Pastor Mark Burns apologises for sharing Hillary Clinton 'blackface' cartoon

Cheryl Sanders
August 31, 2016

"It is not an accident that they have ended up closing all the DMVs where African Americans in Alabama live", Clinton said, referring to motor vehicle offices where people can obtain identification cards used in voting.

Burns posted the tweet, which he initially defended Monday, in advance of Donald Trump's planned speech to before a black congregation on Saturday, to be broadcast on the Impact Network.

Trump has seen strikingly low support from African American voters, registering in the very low single digits in most swing state polls.

The caricature ironically accuses the Democratic candidate of "pandering" and portrays her in a t-shirt reading, "No hot sauce no peace!"

Hillary Clinton is telling supporters that she doesn't know "which Donald Trump" will show up at the presidential debates.


But he said he still stood by his message that Clinton and Democrats pander to the African-American community.

The image shows Clinton in blackface, holding up signs that say "F*** the Police" and "I Ain't No Ways Tired of Pandering to African Americans".

"Media outlets throughout the country are seeking to get access to the presidential candidates, and we have been afforded that opportunity with Mr. Trump and hopeful that we will get to interview Mrs. Clinton as well", Jackson said in a statement.

"But he's not talking to them at all, Pastor Burns, that's my point", the host interjected.

Tuesday morning Burns apologized again via Twitter.


A day earlier, Burns went on MSNBC to defend his use of the image. "I'm a completely separate individual". He ended the letter by declaring, "If elected, Mr. Trump, I can state unequivocally, will be the healthiest person ever elected to the presidency" - giving new meaning to the term "spin doctor". "And it's - i don't - I don't see what the smoke is", Brazille said.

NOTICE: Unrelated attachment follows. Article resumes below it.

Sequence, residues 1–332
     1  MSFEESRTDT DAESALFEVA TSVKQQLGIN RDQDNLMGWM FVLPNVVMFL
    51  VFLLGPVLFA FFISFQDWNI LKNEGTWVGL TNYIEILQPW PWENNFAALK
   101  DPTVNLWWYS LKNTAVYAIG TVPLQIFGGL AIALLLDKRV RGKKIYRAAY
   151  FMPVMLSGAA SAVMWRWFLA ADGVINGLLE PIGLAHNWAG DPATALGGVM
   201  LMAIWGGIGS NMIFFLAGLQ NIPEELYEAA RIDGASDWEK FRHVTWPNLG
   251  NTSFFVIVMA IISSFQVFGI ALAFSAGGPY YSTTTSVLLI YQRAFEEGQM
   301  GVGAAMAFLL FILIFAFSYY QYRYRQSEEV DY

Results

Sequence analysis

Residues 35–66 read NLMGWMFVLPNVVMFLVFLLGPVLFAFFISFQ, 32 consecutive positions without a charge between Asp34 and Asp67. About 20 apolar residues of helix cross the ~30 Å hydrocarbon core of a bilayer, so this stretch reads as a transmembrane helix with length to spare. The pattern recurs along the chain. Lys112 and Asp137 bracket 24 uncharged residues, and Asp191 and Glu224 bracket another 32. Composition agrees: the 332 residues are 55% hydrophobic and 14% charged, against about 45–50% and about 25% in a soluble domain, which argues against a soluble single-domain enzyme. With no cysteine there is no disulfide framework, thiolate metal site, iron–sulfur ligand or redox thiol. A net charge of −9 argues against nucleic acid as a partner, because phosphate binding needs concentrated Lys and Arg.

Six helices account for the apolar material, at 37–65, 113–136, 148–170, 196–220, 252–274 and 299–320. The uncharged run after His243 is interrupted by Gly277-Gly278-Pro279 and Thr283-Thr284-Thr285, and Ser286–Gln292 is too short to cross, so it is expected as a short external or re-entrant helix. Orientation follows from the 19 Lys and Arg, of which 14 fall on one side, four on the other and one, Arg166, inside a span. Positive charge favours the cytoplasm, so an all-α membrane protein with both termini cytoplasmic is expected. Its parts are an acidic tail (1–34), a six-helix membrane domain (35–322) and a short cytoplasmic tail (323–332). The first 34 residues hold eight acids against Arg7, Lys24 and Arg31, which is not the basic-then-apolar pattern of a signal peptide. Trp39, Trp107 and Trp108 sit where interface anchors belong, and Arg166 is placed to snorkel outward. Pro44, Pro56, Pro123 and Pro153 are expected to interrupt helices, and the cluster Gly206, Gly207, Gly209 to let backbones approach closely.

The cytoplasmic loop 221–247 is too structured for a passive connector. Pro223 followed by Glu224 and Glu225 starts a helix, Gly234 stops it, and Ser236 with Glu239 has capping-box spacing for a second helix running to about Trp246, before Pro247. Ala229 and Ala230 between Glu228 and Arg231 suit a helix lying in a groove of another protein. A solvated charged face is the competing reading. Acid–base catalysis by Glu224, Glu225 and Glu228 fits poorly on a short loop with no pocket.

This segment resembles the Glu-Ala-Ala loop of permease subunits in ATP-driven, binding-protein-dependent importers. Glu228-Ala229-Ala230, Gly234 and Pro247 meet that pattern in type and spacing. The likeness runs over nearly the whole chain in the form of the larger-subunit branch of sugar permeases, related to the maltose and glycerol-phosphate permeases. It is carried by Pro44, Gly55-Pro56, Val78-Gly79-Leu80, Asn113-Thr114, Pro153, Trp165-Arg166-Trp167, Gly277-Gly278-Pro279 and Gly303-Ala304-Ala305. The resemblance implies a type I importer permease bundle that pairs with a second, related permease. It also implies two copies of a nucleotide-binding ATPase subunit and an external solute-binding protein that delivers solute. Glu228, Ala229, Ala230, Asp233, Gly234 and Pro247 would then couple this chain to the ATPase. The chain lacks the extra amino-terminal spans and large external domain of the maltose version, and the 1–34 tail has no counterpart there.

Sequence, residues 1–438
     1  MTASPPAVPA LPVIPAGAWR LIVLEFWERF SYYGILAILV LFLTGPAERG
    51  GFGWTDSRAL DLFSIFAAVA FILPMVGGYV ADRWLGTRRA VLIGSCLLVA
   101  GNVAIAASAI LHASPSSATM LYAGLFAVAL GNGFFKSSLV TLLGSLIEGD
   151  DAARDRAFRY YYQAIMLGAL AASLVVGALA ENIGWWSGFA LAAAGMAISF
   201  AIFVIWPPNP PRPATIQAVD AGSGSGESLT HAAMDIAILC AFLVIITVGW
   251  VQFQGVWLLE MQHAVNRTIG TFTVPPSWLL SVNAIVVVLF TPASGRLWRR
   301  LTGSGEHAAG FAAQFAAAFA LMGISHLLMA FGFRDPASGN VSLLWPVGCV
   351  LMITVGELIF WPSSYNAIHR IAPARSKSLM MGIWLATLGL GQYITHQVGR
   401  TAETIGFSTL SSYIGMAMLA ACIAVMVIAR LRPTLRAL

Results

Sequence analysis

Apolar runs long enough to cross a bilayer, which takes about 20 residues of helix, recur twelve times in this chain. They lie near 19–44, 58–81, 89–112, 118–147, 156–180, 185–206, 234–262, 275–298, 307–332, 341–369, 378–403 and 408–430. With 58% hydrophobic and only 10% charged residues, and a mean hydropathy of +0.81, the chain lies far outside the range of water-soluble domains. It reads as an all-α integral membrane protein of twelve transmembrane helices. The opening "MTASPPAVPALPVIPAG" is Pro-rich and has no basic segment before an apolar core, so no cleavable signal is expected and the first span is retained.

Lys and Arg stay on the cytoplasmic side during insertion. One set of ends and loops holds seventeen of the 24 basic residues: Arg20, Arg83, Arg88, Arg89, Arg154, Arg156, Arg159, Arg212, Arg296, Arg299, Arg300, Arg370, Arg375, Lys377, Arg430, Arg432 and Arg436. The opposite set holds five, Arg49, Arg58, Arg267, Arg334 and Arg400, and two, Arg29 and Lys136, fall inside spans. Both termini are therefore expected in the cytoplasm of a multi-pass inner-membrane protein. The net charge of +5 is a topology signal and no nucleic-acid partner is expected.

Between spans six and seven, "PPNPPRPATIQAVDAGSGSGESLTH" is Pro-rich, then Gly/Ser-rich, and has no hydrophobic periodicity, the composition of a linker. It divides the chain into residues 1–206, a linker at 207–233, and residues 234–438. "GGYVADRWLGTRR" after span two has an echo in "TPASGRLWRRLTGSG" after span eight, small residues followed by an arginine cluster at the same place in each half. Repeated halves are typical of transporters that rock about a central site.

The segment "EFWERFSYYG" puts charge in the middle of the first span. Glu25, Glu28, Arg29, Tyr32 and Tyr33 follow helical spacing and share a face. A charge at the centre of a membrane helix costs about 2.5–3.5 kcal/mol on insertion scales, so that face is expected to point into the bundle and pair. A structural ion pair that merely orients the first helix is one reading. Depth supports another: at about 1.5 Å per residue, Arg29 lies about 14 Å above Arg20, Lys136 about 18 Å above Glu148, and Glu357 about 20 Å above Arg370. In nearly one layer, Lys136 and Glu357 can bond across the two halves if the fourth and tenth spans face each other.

Trump and his surrogates have been courting black Americans with an aggressiveness that has managed to be overcome by the campaign's clumsiness. So, how did the GOP - the party of Lincoln that was once home for African-American voters - lose so much of that support?

"I learned a long time ago that Hillary Clinton is a fighter and that's what we need in our next president", Rep. Jim Clyburn of SC, the highest-ranking African-American in Congress, said at Allen University in Columbia in February, helping Clinton ahead of the Nevada and SC contests against Bernie Sanders.

"The last thing I want to do is to anger people", he said.


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